Over 50 years ago, many Jews - including members of GJC - were heavily involved in the civil rights movement that culminated in the Civil Rights Act of 1964 and the Voting Rights Act of 1965. In fact, both of these acts were physically drafted at the Reform movement’s Religious Action Center in Washington, DC. That was because the Jewish tradition of justice and equality before the law pushed us to stand with those whose basic rights - including the right to vote - were being denied to them unjustly, just as such rights had been denied to Jews in many lands in the past. With the passage of laws protecting the right to vote, we thought the battle had been won. So it is particularly hard to believe that the most basic of rights in a democracy, the right to vote, is now being attacked again.
The Voter ID law passed by the Pennsylvania legislature and signed by the governor places unreasonable obstacles in the way of those who are trying to exercise this right. Despite claims that this law is intended to prevent voter fraud, the state admits that it cannot point to even one case of in-person voter fraud that would necessitate such a law. Meanwhile, hundreds of thousands of Pennsylvania citizens, registered voters who lack the kind of ID required by the law, will be prevented from voting. And research has shown that the law has a disproportional impact on minority neighborhoods, the elderly, and the poor, who are the citizens least likely to have the required ID.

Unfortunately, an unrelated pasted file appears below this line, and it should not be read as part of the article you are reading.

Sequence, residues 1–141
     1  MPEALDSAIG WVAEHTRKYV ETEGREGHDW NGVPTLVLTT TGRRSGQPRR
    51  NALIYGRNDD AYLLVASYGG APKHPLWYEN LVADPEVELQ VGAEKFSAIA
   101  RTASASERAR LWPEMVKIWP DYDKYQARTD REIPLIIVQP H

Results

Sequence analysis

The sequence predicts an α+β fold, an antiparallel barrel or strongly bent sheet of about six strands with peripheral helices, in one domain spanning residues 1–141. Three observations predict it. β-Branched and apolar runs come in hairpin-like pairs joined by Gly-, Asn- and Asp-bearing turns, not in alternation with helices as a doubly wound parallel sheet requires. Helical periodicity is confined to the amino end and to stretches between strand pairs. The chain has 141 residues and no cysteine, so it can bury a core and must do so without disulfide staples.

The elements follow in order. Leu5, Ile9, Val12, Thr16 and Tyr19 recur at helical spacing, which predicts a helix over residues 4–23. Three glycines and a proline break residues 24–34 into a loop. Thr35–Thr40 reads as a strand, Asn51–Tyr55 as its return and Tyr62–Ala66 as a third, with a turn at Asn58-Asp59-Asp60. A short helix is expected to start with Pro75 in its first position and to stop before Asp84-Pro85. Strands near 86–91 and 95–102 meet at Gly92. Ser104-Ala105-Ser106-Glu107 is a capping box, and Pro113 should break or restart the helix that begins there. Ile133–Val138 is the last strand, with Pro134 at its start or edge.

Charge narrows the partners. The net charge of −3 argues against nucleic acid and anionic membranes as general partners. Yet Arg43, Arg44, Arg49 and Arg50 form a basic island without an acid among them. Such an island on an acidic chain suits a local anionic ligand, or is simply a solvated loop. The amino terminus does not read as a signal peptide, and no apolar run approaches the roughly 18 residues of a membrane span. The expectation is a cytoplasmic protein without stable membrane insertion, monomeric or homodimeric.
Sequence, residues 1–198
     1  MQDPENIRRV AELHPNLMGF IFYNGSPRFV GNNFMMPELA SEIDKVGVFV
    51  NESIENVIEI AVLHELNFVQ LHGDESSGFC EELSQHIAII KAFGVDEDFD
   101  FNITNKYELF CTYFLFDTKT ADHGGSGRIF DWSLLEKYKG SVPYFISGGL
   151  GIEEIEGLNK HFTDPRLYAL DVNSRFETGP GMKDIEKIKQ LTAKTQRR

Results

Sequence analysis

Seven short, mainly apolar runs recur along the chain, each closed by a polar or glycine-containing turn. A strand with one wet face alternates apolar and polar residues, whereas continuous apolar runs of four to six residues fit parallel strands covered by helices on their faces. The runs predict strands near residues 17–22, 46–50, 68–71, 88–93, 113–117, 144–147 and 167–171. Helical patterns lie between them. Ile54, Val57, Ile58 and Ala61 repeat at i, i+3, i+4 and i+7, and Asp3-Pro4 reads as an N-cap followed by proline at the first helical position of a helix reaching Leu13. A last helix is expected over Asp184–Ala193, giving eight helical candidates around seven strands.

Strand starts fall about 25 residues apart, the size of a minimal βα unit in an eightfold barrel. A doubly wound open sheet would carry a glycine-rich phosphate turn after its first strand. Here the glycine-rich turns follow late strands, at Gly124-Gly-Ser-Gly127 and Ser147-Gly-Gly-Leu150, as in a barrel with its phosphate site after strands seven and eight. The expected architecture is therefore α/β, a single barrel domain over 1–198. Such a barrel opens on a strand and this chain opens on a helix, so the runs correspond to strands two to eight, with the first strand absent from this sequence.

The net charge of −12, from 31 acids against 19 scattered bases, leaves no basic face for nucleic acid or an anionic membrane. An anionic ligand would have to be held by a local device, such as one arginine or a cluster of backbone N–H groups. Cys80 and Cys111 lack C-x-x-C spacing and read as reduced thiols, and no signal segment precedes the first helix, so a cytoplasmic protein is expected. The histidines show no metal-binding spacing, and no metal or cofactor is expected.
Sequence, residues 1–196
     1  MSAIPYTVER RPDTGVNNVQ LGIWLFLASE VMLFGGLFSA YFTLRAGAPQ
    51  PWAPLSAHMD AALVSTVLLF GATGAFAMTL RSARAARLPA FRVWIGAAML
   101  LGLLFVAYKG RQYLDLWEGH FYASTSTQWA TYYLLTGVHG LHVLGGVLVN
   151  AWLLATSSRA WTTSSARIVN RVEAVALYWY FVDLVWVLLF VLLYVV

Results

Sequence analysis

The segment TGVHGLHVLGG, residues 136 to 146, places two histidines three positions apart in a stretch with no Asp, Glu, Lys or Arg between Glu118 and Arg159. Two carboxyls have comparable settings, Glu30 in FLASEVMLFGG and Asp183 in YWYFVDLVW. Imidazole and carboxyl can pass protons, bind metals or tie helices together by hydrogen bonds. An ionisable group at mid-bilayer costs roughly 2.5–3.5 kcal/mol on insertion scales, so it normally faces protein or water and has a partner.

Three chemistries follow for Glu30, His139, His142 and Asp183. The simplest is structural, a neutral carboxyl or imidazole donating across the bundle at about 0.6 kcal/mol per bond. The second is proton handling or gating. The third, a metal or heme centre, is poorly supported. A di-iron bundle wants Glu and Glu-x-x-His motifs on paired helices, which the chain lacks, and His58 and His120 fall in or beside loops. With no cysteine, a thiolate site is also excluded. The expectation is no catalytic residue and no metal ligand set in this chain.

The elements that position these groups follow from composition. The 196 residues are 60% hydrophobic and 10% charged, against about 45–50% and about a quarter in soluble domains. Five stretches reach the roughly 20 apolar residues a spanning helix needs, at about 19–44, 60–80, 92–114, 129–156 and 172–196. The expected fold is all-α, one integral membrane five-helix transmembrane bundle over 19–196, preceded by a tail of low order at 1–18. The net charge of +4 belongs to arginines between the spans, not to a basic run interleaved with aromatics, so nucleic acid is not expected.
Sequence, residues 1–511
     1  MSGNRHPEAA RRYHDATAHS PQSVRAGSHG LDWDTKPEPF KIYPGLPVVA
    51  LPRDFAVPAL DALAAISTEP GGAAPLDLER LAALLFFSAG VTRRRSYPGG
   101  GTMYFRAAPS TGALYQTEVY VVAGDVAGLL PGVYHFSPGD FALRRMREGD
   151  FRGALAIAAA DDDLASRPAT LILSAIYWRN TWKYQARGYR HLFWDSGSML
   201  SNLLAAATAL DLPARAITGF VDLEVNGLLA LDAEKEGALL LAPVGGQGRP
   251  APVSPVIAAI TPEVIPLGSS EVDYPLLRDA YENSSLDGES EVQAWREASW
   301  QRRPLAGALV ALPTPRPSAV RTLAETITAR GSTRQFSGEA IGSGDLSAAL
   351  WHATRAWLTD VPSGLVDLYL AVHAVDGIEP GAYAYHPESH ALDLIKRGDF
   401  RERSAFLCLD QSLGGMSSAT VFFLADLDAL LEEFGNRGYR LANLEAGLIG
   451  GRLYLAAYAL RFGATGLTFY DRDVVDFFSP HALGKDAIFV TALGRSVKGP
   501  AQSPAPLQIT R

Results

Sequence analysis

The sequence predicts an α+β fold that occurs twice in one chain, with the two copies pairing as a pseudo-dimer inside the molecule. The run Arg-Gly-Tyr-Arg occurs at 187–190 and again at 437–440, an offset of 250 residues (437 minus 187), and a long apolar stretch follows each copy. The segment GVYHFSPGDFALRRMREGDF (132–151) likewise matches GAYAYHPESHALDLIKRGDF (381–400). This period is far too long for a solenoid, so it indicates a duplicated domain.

A court case challenging the constitutionality of this unjust law is in progress, and plans to urge the legislature to repeal the law may be next. But in the meantime, we must act to try to make sure that everyone has the opportunity to vote. Rev. Kevin Johnson, the Pastor of Bright Hope Baptist Church, at 12th Street and Cecil B. Moore Avenue in North Philadelphia, has called on clergy and congregations of all faiths to join him and his congregation at a rally at his church this Sunday, August 12, at 6:00 PM. Rabbi Lewis and I will be attending this rally and exploring together with other clergy how we can be effective in making sure that justice is served and that our democracy truly represents the voices of all of its citizens. This is not a partisan issue but an issue of basic equality and fairness. So no matter what your political preferences, I hope you will join Rabbi Lewis and myself at the rally on Sunday. Please feel free to be in touch with me to talk about this issue - it is one that should concern us all.